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The market was up across the board today, as the S&P 500 Index (SNPINDEX: ^GSPC ) added 13 points, or about 0.9%, to close at 1,555. Despite the gains, stocks still had their worst week thus far in the year, slipping 2%. Still, three S&P stocks, in particular, stuck with the theme of, well, losing.
Peabody Energy (NYSE: BTU ) ended as one of the worst stocks of the day, dropping 6.2%. Not only did the coal miner post losses in the first quarter, but the results of a major study by ExxonMobil also may have dinged the company. The results actually beat estimates, but the Exxon study damaged the coal industry, in general, showing that fracked natural gas is safer for the environment, emissions-wise, than coal.
Earnings weren't the catalyst behind Dell's (UNKNOWN: DELL.DL ) fall today, although it did slip 3.9%. But the news from the company today was even more material than earnings: Buyouts of the company by private equity group Blackstone Group LP, as well as an offer from famed investor Carl Icahn, are both likely to fall through. Clearly, this retraction of interest could be a bad omen for both shareholders and the company itself; the PC market just suffered through its worst year-over-year sales decline of all time.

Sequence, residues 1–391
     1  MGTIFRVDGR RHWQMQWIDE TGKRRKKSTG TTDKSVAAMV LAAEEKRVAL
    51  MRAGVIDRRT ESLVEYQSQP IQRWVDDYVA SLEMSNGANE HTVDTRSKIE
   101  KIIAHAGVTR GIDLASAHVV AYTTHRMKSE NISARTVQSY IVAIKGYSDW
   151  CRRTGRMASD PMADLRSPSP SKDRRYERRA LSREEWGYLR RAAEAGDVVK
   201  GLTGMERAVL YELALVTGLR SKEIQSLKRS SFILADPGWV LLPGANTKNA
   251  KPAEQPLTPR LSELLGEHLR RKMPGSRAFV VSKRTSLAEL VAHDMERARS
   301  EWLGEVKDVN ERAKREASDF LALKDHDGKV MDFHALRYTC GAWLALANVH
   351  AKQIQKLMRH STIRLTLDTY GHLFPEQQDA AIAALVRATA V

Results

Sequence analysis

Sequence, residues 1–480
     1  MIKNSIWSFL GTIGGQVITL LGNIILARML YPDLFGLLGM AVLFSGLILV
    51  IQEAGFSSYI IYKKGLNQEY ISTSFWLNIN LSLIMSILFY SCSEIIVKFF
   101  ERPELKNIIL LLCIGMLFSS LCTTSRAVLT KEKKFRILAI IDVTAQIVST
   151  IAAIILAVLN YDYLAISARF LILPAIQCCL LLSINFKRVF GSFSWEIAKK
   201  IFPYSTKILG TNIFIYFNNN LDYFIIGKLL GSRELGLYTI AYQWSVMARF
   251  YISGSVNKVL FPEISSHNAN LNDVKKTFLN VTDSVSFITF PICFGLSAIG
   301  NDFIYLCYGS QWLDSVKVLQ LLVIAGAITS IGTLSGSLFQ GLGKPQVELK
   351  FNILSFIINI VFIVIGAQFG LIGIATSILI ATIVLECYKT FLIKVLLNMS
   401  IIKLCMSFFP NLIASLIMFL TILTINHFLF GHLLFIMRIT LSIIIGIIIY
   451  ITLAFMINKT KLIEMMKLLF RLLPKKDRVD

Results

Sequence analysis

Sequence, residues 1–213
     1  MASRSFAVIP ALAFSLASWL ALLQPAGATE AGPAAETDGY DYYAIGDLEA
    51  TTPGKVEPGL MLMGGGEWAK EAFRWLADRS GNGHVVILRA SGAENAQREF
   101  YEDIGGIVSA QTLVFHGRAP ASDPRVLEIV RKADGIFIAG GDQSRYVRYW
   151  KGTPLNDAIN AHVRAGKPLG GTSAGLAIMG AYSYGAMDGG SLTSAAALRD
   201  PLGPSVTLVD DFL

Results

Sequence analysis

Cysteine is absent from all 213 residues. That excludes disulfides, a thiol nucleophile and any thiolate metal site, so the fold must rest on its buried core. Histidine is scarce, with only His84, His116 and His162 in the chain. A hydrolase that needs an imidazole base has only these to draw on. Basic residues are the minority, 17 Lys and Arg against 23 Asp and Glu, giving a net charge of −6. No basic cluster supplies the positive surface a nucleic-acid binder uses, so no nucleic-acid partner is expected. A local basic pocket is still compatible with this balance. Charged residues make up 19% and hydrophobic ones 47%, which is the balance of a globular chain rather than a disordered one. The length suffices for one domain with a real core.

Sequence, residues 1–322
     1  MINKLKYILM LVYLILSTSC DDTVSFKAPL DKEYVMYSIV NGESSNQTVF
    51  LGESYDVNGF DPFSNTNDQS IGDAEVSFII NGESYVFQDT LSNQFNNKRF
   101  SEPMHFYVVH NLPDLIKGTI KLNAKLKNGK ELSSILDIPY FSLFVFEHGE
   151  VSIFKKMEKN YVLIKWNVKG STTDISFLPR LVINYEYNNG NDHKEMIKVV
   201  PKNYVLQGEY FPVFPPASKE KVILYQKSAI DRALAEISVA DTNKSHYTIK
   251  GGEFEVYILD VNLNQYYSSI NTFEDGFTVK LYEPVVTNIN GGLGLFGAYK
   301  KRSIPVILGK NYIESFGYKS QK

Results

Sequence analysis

Lastly, information technology, as an industry, didn't do well Friday, and EMC (NYSE: EMC ) suffered for it, as shares slipped 3.8%. Although EMC doesn't report until next Wednesday, the data storage device provider took a major hit after industry leader International Business Machines fell more than 8% on a disappointing quarter. IBM's disappointment had a lot to do with a weak Japanese yen, so it remains to be seen how relevant that aspect of things will be to EMC's results.
The coal industry in the United States has been in a state of flux since the arrival of a cheaper alternative for energy production: natural gas. Exports are becoming a much bigger part of the domestic coal landscape, and Peabody Energy has deals in place to get its cheaper coal from the Powder River and Illinois basins to India, China, and the EU. For investors looking to capitalize on a rebound in the U.S. coal market, The Motley Fool has authored a special new premium report detailing exactly why Peabody Energy is perhaps most worthy of your consideration. Don't miss out on this invaluable resource -- simply click here now to claim your copy today.